Initially, Jack paints his face in order to hide himself better from the pigs he's hunting. He concludes that the pigs can't smell him, but they can clearly see him as he stalks them, and so he needs a sort of camouflage.
Later, the mask takes on added significance because it hides Jack from the other boys as well. There is a wealth of symbolism in masks as a literary and cultural element, and most of them are employed here. The mask allows Jack to "not be Jack", so to speak; it frees him of his identity and all the restraints that go with it;
He capered toward Bill, and the mask was a thing on its own, behind which Jack hid, liberated from shame and self-consciousness.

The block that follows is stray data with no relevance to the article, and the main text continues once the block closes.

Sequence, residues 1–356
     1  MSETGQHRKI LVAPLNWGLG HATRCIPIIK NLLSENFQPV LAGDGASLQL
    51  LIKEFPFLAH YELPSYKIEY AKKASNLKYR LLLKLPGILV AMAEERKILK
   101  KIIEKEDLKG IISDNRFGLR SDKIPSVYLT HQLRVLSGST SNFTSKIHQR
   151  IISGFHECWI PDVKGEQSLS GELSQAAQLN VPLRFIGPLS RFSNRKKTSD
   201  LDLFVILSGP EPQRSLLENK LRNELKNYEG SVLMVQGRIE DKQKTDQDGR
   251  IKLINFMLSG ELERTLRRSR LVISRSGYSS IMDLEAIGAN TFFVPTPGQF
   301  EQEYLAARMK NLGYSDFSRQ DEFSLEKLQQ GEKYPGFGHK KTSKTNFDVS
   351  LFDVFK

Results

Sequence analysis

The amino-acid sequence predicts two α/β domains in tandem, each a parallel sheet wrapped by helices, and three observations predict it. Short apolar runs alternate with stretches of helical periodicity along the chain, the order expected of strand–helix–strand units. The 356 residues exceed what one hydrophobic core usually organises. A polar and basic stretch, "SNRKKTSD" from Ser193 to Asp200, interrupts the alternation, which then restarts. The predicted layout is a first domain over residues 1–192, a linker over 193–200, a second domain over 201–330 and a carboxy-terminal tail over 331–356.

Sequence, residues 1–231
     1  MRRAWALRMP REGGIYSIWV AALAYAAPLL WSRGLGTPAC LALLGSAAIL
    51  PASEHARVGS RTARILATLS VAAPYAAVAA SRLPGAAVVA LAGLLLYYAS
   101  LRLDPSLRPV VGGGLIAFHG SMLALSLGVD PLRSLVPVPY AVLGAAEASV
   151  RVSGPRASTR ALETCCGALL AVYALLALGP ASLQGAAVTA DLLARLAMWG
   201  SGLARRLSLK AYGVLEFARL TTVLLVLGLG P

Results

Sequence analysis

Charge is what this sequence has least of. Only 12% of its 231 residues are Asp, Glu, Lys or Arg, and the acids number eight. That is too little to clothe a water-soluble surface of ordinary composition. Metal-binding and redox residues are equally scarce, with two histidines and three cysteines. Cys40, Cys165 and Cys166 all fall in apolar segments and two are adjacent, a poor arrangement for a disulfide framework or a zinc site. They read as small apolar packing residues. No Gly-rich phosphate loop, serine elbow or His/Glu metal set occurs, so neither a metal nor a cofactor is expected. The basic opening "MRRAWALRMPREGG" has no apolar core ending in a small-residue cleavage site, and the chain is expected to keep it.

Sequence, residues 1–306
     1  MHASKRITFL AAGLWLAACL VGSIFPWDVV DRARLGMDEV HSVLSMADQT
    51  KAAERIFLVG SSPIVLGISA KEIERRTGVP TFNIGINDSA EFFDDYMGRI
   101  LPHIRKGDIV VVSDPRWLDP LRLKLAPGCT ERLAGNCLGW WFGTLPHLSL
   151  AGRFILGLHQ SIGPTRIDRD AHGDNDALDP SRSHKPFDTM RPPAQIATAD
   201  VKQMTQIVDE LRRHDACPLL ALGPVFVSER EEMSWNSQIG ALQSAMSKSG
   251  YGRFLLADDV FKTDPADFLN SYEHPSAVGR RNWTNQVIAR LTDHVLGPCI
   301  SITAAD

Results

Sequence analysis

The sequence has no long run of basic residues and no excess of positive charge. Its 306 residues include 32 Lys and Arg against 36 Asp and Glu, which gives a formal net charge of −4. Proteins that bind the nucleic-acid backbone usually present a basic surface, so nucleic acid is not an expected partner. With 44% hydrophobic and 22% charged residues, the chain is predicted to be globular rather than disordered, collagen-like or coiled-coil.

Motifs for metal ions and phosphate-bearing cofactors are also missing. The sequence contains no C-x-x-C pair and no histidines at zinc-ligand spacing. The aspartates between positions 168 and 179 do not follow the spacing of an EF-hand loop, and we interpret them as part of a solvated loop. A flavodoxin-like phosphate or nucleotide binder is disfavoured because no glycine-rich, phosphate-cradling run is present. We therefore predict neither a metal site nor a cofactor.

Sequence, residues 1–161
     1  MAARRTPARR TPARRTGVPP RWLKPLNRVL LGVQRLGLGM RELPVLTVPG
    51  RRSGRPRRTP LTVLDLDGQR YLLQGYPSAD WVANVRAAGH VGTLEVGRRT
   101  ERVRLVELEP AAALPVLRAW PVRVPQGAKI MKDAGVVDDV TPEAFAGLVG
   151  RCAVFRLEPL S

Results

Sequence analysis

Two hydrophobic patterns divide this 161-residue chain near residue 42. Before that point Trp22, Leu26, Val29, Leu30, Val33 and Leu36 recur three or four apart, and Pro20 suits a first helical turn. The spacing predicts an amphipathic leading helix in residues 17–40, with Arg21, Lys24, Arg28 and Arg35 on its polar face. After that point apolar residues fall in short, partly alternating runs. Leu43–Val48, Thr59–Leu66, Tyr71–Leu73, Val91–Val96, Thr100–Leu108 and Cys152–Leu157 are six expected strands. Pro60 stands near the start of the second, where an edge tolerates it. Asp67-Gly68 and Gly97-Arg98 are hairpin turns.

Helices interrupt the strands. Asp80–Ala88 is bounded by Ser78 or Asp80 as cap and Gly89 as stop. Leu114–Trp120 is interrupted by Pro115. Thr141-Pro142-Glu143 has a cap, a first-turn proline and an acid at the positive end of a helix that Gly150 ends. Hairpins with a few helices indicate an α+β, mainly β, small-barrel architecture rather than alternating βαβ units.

The mask also represents a descent into savagery, in that a rational "civilized" person would not have to take on a persona or employ magic in order to accomplish a task, and the things Jack is liberating himself from are all generally considered to be good traits in a civilized relationship.